Do inhabitants of France live longer in good health in some départements than in others?
Press release Published on 19 October 2021
Aging goes together with increased risk of health disorders, including incapacitating illnesses that expose people to disability and dependence. “Disability-free life expectancy,” also known as “healthy life expectancy,” is the number of additional years that a person can expect to live without being limited in their daily activities once they have reached a specified age. Disparities in disability-free life expectancy can be observed in France at the level of the département. In which départements or regions do people live the longest and where are they most likely to age in good health—i.e., to remain disability-free as they grow older? Researchers from INED, the University of Strasbourg, and the ORS (Regional health observatory) of the Île-de-France region, drawing on the “Vie Quotidienne et Sante” or VQS survey (Daily life and health) commissioned by the DREES (National department of research, studies, evaluation and statistics), recently conducted the first comparative study of départements in connection with life expectancy and disability-free life expectancy. They discovered notable differences from one département to another—an important finding because département-level governing bodies are the ones in charge of certain components of health and social policy, including care for dependent persons.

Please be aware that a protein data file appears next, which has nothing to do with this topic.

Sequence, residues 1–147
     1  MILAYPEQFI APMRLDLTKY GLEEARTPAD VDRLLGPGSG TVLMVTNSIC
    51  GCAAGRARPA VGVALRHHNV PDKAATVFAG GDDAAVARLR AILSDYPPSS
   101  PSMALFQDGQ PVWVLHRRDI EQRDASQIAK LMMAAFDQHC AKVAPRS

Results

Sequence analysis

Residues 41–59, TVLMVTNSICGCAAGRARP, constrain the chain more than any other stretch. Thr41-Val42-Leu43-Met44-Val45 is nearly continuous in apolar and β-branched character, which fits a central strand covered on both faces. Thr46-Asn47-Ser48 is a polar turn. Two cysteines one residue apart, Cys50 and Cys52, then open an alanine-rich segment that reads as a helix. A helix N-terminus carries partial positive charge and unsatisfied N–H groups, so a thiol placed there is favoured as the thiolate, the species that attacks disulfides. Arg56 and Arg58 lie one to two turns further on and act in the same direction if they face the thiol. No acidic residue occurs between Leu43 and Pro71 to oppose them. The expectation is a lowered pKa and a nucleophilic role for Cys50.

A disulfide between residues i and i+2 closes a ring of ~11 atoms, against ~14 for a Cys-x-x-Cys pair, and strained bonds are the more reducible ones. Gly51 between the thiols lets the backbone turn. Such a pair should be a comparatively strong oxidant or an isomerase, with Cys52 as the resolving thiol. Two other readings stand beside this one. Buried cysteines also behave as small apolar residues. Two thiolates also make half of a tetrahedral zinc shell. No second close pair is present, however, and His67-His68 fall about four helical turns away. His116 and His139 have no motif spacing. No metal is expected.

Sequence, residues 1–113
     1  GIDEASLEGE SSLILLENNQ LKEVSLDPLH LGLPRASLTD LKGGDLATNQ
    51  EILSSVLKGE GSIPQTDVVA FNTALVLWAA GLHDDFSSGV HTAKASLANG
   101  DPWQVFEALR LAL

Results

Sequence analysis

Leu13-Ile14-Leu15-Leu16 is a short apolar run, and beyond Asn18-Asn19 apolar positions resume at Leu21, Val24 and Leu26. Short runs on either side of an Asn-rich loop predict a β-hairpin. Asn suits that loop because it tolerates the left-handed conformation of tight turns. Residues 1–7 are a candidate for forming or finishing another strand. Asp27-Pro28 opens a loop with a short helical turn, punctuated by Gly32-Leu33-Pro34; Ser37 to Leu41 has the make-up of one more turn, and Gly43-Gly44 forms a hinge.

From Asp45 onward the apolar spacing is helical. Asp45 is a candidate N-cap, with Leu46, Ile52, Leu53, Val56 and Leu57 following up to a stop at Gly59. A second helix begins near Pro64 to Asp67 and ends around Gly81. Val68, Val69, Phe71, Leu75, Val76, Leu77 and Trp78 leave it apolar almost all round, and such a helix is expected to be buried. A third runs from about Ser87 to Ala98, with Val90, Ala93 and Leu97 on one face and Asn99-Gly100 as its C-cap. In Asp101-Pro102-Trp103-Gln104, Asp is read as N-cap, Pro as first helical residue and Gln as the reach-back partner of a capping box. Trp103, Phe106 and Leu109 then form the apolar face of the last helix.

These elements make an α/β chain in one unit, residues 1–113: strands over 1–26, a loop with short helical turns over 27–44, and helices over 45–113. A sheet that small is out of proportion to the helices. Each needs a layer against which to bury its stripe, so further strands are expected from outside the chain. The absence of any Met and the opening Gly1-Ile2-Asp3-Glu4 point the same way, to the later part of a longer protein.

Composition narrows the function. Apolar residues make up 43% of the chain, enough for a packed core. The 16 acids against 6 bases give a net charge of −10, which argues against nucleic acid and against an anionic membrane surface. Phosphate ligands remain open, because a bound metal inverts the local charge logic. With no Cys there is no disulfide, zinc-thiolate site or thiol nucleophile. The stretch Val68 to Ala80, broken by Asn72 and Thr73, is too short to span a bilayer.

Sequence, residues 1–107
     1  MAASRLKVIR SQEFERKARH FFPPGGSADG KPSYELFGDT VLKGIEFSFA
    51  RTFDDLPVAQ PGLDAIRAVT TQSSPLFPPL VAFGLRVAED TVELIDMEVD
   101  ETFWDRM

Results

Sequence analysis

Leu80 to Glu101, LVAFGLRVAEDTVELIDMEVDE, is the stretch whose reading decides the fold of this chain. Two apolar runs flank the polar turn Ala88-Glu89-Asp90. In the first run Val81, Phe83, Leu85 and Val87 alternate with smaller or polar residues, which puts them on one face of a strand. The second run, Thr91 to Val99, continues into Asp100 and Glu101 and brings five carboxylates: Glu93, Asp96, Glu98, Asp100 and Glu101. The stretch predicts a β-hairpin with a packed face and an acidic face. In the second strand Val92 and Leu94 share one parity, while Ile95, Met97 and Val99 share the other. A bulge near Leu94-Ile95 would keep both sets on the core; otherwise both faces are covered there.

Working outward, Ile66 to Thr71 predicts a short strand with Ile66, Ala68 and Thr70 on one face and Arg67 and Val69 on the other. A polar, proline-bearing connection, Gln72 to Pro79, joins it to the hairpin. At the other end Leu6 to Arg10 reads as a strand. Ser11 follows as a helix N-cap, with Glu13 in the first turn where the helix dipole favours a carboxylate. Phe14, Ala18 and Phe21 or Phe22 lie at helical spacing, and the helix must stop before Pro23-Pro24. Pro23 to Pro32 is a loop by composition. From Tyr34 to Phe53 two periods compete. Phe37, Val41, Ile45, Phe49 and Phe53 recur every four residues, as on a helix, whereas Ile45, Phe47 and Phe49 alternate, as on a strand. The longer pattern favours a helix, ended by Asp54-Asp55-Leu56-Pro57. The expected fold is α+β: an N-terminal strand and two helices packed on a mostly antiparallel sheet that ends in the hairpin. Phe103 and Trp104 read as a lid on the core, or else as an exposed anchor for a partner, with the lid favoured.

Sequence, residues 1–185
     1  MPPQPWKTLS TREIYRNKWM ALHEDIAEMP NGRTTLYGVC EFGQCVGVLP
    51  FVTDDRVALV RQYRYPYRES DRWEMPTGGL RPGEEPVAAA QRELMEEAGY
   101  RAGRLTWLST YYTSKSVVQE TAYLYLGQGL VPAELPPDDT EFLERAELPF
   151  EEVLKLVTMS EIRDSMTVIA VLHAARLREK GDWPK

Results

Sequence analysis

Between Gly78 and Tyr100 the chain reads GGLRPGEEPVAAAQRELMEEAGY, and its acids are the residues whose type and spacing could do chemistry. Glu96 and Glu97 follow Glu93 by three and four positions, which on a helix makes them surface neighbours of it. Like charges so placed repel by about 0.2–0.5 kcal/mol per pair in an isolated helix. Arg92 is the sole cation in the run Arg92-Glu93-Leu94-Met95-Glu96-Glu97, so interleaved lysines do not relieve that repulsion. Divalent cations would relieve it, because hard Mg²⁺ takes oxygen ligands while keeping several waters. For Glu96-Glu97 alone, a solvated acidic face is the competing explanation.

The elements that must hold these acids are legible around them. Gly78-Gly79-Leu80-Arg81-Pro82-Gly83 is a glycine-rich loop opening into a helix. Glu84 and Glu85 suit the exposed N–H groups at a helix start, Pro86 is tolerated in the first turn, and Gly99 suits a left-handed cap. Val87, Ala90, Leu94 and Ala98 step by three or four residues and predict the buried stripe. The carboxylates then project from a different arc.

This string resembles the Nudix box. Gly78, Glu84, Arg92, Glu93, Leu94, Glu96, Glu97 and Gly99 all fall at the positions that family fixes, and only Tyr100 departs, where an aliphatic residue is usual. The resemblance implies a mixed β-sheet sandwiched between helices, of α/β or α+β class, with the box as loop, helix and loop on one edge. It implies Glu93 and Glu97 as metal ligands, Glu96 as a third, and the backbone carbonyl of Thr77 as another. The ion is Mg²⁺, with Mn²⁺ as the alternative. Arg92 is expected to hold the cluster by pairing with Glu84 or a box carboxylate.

Trends in relative mortality rates that are related to regional economic activity